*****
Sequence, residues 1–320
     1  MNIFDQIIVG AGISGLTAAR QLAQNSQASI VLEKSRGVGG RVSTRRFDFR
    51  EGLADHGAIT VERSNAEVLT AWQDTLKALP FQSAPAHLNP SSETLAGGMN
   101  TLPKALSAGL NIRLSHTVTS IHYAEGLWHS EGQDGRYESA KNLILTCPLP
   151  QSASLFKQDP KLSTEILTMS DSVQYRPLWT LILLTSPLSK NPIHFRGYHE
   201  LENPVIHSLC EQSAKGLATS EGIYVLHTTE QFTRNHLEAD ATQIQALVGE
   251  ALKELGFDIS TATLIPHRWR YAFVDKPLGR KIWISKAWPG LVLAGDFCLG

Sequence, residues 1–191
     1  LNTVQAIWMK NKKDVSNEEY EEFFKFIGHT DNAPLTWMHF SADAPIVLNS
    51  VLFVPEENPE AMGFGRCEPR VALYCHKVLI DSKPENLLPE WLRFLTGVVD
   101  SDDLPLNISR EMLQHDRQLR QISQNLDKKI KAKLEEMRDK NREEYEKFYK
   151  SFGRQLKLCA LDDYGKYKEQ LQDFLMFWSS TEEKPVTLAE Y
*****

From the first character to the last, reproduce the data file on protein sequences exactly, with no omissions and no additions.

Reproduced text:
Sequence, residues 1–320
     1  MNIFDQIIVG AGISGLTAAR QLAQNSQASI VLEKSRGVGG RVSTRRFDFR
    51  EGLADHGAIT VERSNAEVLT AWQDTLKALP FQSAPAHLNP SSETLAGGMN
   101  TLPKALSAGL NIRLSHTVTS IHYAEGLWHS EGQDGRYESA KNLILTCPLP
   151  QSASLFKQDP KLSTEILTMS DSVQYRPLWT LILLTSPLSK NPIHFRGYHE
   201  LENPVIHSLC EQSAKGLATS EGIYVLHTTE QFTRNHLEAD ATQIQALVGE
   251  ALKELGFDIS TATLIPHRWR YAFVDKPLGR KIWISKAWPG LVLAGDFCLG

Sequence, residues 1–191
     1  LNTVQAIWMK NKKDVSNEEY EEFFKFIGHT DNAPLTWMHF SADAPIVLNS
    51  VLFVPEENPE AMGFGRCEPR VALYCHKVLI DSKPENLLPE WLRFLTGVVD
   101  SDDLPLNISR EMLQHDRQLR QISQNLDKKI KAKLEEMRDK NREEYEKFYK
   151  SFGRQLKLCA LDDYGKYKEQ LQDFLMFWSS TEEKPVTLAE Y